9. This task will run on the virtual machines hosted in Azure, and will need to be able to connect back to this pipeline in order to complete the deployment group requirements. To secure the connection, they will need a personal access token (PAT). From the User settings dropdown, open Personal access tokens in a new tab. Most browsers support opening a link in a new tab via right-click context menu or Ctrl+Click.

    Navigating to personal access tokens

  10. In the new tab, select New Token.

  11. Enter a name and select the Full access scope. Select Create to create the token. Once created, copy the token and close the browser tab. You return to the Azure Pipeline editor.

    Creating a personal access token

  12. Under Azure Pipelines service connection, select New.

    Adding an Azure Pipelines service connection

  13. Enter the Connection URL to the current instance of Azure DevOps. This URL is something like[Your account]. Paste in the Personal Access Token created earlier and specify a Service connection name. Select Verify and save.

    Creating an Azure Pipelines service connection


    To register an agent, you must be a member of the Administrator role in the agent pool. The identity of the agent pool administrator is needed only at the time of registration. The administrator identity isn't persisted on the agent, and it's not used in any subsequent communication between the agent and Azure Pipelines or TFS. After the agent is registered, there's no need to renew the personal access token because it's required only at the time of registration.

  14. Select the current Team project and the Deployment group created earlier.

    Configuring the Azure Pipelines deployment group

  15. Select the Deployment group phase stage. This stage executes tasks on the machines defined in the deployment group. This stage is linked to the SQL-Svr-DB tag. Choose the Deployment Group from the dropdown.

    Configuring the deployment group phase

  16. Select the IIS Deployment phase stage. This stage deploys the application to the web servers using the specified tasks. This stage is linked to the WebSrv tag. Choose the Deployment Group from the dropdown.

  17. Select the Disconnect Azure Network Load Balancer task. As the target machines are connected to the NLB, this task will disconnect the machines from the NLB prior to the deployment and reconnect them back to the NLB after the deployment. Configure the task to use the Azure connection, resource group, and load balancer (there should only be one).

  18. Select the IIS Web App Manage task. This task runs on the deployment target machines registered with the deployment group configured for the task/stage. It creates a web app and application pool locally with the name PartsUnlimited running under the port 80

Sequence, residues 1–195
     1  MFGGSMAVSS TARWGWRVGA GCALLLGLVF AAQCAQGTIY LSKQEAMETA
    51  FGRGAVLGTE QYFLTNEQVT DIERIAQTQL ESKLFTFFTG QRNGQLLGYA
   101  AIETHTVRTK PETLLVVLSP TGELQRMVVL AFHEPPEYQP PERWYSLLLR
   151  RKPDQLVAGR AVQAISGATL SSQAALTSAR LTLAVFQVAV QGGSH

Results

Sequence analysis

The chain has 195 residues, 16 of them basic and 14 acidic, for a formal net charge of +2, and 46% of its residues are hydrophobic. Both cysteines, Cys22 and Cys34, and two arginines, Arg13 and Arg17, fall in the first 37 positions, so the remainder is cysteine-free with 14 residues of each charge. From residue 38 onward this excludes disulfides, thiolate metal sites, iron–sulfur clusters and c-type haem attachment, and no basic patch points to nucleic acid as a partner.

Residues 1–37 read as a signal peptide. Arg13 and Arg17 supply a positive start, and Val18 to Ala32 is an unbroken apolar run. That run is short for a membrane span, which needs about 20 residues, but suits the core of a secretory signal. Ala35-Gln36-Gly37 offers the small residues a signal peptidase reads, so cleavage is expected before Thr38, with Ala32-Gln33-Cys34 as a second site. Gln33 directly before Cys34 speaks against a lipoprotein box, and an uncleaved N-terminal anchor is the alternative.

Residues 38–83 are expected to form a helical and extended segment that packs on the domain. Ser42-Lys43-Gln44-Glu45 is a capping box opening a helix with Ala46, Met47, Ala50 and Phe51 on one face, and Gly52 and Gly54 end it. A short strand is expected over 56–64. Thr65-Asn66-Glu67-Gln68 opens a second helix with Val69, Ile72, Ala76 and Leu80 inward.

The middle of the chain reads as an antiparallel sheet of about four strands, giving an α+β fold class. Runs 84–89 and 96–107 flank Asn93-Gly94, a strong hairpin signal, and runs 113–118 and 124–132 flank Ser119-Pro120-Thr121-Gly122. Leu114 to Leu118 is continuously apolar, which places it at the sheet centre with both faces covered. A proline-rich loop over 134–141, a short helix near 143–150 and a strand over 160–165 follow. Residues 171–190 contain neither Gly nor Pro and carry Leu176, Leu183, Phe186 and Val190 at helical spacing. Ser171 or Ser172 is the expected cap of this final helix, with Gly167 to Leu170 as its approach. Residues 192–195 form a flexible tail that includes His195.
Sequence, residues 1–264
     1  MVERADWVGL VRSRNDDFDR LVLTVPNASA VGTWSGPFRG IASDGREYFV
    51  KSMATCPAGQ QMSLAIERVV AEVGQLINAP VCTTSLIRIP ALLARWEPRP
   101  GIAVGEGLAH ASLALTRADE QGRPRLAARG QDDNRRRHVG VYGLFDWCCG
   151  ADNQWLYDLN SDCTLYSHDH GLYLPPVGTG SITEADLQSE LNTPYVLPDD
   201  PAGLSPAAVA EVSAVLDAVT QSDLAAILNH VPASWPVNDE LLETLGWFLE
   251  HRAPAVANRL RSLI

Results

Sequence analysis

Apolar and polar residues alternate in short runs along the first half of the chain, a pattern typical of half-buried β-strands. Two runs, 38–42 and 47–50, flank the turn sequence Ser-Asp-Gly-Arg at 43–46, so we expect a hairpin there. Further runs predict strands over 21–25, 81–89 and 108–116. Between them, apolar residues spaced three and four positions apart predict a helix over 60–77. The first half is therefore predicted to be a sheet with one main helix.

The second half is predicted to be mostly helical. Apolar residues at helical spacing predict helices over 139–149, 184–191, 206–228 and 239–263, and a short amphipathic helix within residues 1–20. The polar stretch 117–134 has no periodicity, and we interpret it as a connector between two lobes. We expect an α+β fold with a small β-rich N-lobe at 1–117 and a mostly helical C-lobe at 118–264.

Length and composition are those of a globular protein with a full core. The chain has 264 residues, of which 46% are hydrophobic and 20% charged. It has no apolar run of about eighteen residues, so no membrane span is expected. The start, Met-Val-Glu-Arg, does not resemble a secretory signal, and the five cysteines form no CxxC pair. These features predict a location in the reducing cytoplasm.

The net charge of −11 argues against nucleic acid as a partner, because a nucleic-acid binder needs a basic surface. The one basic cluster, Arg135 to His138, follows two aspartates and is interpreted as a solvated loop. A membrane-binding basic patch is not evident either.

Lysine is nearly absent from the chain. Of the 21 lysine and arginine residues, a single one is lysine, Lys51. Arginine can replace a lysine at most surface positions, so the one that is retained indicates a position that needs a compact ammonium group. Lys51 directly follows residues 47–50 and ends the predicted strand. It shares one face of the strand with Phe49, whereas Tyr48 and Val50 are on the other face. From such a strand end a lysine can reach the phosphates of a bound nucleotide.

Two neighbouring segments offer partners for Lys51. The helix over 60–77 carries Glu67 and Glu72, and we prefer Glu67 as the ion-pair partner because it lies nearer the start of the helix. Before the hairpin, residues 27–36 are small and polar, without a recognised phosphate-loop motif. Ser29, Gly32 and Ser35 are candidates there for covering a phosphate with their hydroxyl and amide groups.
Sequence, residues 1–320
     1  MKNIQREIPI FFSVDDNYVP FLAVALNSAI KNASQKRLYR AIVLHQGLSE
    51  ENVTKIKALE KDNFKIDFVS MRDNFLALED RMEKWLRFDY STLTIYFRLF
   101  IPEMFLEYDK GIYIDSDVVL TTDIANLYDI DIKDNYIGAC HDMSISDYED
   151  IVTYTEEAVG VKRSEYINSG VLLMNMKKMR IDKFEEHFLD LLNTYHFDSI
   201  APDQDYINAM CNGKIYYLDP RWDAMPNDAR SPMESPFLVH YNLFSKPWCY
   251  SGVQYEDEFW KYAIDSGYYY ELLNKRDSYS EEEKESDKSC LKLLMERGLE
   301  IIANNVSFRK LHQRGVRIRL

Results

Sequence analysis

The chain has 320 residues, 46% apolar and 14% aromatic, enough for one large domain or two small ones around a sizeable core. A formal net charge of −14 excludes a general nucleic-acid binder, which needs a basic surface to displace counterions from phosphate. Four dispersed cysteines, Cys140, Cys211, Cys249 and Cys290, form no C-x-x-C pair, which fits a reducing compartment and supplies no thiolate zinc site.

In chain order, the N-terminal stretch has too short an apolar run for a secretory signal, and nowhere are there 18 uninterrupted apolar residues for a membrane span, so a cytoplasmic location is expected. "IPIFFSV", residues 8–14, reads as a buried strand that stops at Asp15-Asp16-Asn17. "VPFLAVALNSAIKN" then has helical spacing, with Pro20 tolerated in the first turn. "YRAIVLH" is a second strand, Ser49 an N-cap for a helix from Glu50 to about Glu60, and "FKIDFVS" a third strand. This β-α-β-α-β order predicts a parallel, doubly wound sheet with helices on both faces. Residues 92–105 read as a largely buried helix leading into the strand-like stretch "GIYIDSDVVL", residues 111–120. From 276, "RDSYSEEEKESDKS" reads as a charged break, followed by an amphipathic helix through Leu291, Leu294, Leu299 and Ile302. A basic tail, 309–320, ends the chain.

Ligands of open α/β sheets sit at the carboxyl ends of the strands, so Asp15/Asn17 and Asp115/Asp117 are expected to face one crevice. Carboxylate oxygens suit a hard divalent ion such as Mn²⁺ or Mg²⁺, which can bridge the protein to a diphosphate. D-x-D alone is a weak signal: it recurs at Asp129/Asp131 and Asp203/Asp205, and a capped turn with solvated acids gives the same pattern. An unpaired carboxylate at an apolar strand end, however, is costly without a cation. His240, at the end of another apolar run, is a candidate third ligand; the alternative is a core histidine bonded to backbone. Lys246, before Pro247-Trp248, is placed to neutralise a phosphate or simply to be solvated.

19. Select the IIS Web App Deploy task. This task runs on the deployment target machines registered with the deployment group configured for the task/stage. It deploys the application to the IIS server using Web Deploy.

  20. Select the Connect Azure Network Load Balancer task. Configure the task to use the Azure connection, resource group, and load balancer (there should only be one).

  21. Select the Variables tab and enter the variable values as below.

    Variable Name Variable Value
    DatabaseName PartsUnlimited-Dev
    DBPassword P2ssw0rd@123
    DBUserName sqladmin
    DefaultConnectionString Data Source=[YOUR_DNS_NAME];Initial Catalog=PartsUnlimited-Dev;User ID=sqladmin;Password=P2ssw0rd@123;MultipleActiveResultSets=False;Connection Timeout=30;
    ServerName localhost


    Make sure to replace your SQL server DNS name (which you noted from Azure portal earlier) in DefaultConnectionString variable.

    Your DefaultConnectionString should be similar to this string after replacing the SQL DNS:

    Data;Initial Catalog=PartsUnlimited-Dev;User ID=sqladmin;Password=P2ssw0rd@123;MultipleActiveResultSets=False;Connection Timeout=30;

    The final variable list should look something like this:

    Configuring pipeline variables


    You may receive an error that the DefaultConnectionString variable must be saved as a secret. If that happens, select the variable and click the padlock icon that appears next to its value to protect it.

Queuing a release and reviewing the deployment

  1. Select Save and confirm.

  2. Select Create release and confirm. Follow the release through to completion. The deployment is then ready for review.

  3. In the Azure portal, open one of the web VMs in your resource group. You can select any that have websrv in the name.

    Locating a web VM

  4. Copy the DNS of the VM. The Azure Load Balancer will distribute incoming traffic among healthy instances of servers defined in a load-balanced set. As a result, the DNS of all web server instances is the same.

    Locating the web app domain

  5. Open a new browser tab to the DNS of the VM. Confirm the deployed app is running.

    Reviewing the app


In this tutorial, you deployed a web application to a set of Azure VMs using Azure Pipelines and Deployment Groups. While this scenario covered a handful of machines, you can easily scale the process up to support hundreds, or even thousands, of machines using virtually any configuration.

Cleaning up resources

This tutorial created an Azure DevOps project and some resources in Azure. If you're not going to continue to use these resources, delete them with the following steps:

  1. Delete the Azure DevOps project created by the Azure DevOps Demo Generator.

  2. All Azure resources created during this tutorial were assigned to the resource group specified during creation. Deleting that group will delete the resources they contain. This deletion can be done via the CLI or portal.

Next steps